(373w) Benign, Permselective Encapsulation of Porcine Islets: Active Nanomaterials Solutions for Xenotransplantation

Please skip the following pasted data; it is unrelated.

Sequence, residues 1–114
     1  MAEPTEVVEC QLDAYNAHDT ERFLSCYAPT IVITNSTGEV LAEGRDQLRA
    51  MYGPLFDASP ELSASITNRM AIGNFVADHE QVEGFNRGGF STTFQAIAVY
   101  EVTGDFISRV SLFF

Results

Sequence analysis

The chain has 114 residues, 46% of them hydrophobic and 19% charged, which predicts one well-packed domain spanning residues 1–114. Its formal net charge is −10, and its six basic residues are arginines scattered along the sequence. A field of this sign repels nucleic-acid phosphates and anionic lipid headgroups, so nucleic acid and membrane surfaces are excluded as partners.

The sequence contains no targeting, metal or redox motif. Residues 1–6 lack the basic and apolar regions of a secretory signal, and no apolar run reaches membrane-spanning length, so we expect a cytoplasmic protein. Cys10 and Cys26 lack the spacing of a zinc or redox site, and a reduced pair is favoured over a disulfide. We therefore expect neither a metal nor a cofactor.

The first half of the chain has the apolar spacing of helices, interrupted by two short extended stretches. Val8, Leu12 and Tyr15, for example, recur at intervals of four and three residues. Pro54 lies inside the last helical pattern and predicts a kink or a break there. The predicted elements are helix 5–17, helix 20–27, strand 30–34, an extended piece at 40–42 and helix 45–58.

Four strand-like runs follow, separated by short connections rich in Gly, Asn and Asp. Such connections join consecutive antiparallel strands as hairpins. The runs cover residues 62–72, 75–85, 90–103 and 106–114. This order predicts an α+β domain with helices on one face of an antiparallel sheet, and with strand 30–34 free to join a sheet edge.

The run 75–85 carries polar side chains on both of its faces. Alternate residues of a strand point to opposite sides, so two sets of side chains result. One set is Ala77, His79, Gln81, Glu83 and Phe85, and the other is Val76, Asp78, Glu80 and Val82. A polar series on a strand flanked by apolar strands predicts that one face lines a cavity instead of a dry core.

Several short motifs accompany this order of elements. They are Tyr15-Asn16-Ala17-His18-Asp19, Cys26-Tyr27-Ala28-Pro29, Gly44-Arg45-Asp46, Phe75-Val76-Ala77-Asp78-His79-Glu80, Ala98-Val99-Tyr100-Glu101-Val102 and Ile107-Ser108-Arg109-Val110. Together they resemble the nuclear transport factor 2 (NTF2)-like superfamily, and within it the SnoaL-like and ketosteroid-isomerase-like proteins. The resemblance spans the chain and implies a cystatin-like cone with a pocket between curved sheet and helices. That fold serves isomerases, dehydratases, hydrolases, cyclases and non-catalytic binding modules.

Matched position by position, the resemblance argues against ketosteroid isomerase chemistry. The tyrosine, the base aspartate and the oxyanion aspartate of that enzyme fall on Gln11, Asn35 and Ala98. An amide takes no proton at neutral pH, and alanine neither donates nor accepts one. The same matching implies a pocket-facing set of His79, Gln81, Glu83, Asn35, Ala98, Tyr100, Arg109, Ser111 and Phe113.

Transplantation of islets of Langerhans is an attractive treatment for type I diabetes. However, human donor shortages, graft failure, and the necessity for life-long immunosuppression therapy are some of the issues affecting this therapy. Porcine islets have shown promise as an alternative islet supply to alleviate donor shortages but immunosuppression therapy is still necessary. It has been recognized that the encapsulation of living cells with permselective membranes could dramatically improve the viability of transplantation through immunoisolation and decrease the need for immunosuppression therapy. The ideal permselective membrane would simultaneously protect the cell from immunological attack, efficiently transport nutrients, and rapidly release therapeutic cell metabolites (e.g., insulin). Living cell encapsulation (e.g., islet) has included use of biopolymers (i.e. alginate, agarose), polyelectrolyte multilayers, silica sol-gels, poly (ethylene glycol) (PEG), and composites of these materials. However, many of the techniques lack pore size control and greatly increase the total volume of the transplanted graft. In this study, we first show the benign synthesis of small, fluorescent, and monodispersed silica nanoparticles with tunable surface potential. The relatively low cytotoxicity of silica nanoparticles has enabled their use in multiple biological applications. By tuning the surface potential of the silica nanoparticles to a positive charge, we show that the particles are able to assemble on the surface of living cell membranes by simple adsorption. Utilizing layer-by-layer deposition, the particles are controllably assembled on the cell surface to build a thin nanoparticle membrane. Confocal and electron microscopy characterize the deposition of the nanoparticles on the surface of the cells and illustrate that, although the surface of the cell is dynamic and complex, the silica nanoparticles are deposited in a tunable and predictable fashion. The encapsulation protocol was shown to exhibit limited toxicity towards the cells, determined by a MTT viability assay. These findings highlight the potential of these nanoparticles for living cell encapsulation.